KING COUNTY EXECUTIVE Ron Sims conveyed some grim, crocodile-tear-stained news as he announced his proposed 1999 budget earlier this month: The county's economic realities forced>"/>
KING COUNTY EXECUTIVE Ron Sims conveyed some grim, crocodile-tear-stained news as he announced his proposed 1999 budget earlier this month: The county's economic realities forced him to cut human-service funding to the tune of $1.9 million. It was a decision, he stressed, that he wouldn't have made unless it was absolutely necessary. Although he went on to say that a just-discovered revenue bounty of $600,000 might restore some of that funding, he appeared broken up over the cuts. He called the programs they affected "vital," and said that cutting them was "one of the toughest decisions I have ever been faced with as an elected official." So great was the psychological toll, he said, that it affected his personal life. "My wife and I are at the highest stress point in our marriage."
Government declarations of financial crisis have become so routine that most of us don't think twice about them. But consider: Why are painful cuts necessary at one of the most prosperous times this state and county has ever seen?
Often, the answer is that they're not necessary—they're choices. Elected officials make cuts in one area so they can spend money in another, the combination often leading to an overall increase, rather than decrease, in spending. Take Sims' proposed $2.7 billion budget, cuts and all: It represents an increase of 5.6 percent over last year's, partially because of additional spending on criminal justice.
Such growth is not necessarily a bad thing in boom times; a credible argument can be made that even more of the astounding wealth generated in recent years should go for the public good. But if you're a politician wanting to blend in with the current fiscally conservative climate, it pays to talk about financial pressures and belt-tightening.
Hence, the county executive's or the governor's annual ritual request to agency heads to identify (typically) 5 percent to 7 percent in potential reductions is always couched in portentous language these days. (The governor's chief economist, for example, in a June memo to state agency heads asking for this so-called "reduction exercise," warned of a possible recession due to the Asian crisis, Boeing lay-offs, and other factors.)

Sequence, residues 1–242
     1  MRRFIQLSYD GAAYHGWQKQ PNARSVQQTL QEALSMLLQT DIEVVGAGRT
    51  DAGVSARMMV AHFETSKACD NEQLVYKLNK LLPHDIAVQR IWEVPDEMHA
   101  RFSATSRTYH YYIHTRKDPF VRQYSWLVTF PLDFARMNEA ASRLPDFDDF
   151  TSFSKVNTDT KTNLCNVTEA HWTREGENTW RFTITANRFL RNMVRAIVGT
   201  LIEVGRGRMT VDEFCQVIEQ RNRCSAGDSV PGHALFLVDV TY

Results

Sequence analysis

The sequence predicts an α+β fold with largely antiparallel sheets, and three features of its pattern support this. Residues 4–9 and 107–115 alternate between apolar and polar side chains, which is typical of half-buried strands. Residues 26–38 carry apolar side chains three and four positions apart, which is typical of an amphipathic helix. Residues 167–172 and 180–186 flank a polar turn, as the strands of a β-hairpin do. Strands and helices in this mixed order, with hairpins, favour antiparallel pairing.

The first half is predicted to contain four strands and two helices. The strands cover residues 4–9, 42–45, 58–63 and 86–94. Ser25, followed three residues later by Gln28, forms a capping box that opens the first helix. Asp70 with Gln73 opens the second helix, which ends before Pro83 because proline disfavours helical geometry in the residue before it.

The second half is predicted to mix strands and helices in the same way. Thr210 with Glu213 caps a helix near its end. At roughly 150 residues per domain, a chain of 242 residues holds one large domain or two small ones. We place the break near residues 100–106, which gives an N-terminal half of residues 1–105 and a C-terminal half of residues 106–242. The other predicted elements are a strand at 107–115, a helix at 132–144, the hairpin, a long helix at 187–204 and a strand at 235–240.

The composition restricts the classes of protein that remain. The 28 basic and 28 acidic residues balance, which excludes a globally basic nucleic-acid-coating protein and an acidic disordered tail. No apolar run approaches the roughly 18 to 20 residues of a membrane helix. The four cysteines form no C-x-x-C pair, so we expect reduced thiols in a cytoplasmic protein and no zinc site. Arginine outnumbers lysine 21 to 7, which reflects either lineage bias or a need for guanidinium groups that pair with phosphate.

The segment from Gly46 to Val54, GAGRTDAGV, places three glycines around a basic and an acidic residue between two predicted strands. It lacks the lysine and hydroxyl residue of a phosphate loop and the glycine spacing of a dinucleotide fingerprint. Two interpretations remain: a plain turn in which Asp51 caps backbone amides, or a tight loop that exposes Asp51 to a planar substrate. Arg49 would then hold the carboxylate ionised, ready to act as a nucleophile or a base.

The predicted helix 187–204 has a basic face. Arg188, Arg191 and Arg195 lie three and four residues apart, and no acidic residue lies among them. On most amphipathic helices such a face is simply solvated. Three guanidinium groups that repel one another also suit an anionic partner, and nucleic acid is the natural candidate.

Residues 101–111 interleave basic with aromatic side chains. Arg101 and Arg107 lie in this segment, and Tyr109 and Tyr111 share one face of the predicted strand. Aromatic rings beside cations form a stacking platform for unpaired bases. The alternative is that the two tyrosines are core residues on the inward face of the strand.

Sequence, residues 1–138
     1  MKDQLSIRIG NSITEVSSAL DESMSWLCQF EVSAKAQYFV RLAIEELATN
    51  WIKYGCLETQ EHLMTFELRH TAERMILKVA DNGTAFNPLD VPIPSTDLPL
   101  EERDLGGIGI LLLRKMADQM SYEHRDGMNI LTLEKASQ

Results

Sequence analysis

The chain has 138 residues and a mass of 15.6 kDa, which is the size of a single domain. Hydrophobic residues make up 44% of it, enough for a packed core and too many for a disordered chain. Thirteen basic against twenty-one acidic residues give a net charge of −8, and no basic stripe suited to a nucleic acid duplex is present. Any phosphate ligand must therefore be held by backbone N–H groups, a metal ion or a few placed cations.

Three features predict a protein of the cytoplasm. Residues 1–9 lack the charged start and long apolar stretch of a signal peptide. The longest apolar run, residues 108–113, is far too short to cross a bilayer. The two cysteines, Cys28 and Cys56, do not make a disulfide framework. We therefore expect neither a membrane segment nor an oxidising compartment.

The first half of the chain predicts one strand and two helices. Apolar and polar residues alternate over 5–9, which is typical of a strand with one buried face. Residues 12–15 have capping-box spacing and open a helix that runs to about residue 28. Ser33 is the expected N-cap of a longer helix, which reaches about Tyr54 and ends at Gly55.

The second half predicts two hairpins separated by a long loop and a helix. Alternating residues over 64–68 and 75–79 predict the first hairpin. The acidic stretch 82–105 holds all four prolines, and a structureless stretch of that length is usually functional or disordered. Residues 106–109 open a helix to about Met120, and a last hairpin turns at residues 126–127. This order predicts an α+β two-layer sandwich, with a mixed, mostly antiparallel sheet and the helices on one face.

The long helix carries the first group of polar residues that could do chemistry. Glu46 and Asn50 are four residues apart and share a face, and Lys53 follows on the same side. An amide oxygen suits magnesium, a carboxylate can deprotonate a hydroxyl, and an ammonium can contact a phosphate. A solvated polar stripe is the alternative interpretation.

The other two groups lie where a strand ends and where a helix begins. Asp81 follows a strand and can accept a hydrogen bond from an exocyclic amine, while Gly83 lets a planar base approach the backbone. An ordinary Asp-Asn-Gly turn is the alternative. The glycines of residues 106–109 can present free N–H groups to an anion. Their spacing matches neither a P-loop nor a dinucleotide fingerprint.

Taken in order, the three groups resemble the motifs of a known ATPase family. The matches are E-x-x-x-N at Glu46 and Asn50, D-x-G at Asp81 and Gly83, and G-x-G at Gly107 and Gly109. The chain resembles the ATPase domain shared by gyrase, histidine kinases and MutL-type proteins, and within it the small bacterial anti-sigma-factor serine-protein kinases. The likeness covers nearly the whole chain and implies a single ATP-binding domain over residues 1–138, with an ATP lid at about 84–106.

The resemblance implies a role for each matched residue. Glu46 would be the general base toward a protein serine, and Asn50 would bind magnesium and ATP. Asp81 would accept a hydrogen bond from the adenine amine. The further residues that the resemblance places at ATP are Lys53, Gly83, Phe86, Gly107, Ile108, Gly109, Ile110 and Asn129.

One of the more perverse elements of this exercise is that officials get the most political mileage out of cutting services believed to be critical. "They're trying to make the point of how essential it is to get more money," says University of Washington economist Neil Bruce. Thus the neediest are first in line to be denied money, in even the most flush of times, so that political leaders can appear to be highly responsible and fiscally sound of mind enough not to let their immeasurable compassion get out of control. County Council member Rob McKenna, a Republican who is far from a bleeding-heart liberal, hints at as much when he says of Sims' budget: "He wants people to think that he's cutting human services and increasing criminal justice spending—that's the main message of his budget to all those people in the suburbs who thinks he's a tax-and-spend liberal." A rumored candidate for higher office, Sims may be doing political penance for his strong commitment to human services in the past.
The appearance of sacrifice is also useful for Sims because he wants to convince the council and public that he needs to raise property-tax revenues by more than the recently passed Referendum 47's meager rate, which is tied to a national and consistently low inflation index named, for some odd reason, the Implicit Price Deflater (see sidebar, p. 16).
Sims' staff, of course, balks at any suggestion that he has exaggerated the county's financial straits. "We're not having good times," insists county budget office director Pat Steel. "We're seeing a slowdown and it's already reflected in sales tax revenues." Those revenues grew by only 2.6 percent in the second quarter of 1998, though projected growth was 7 percent. Sims, unveiling his proposed budget, further warned of dire prospects for next year because of the possible recession and the impact of incorporation, which dramatically reduces the amount of sales tax revenues going to the county.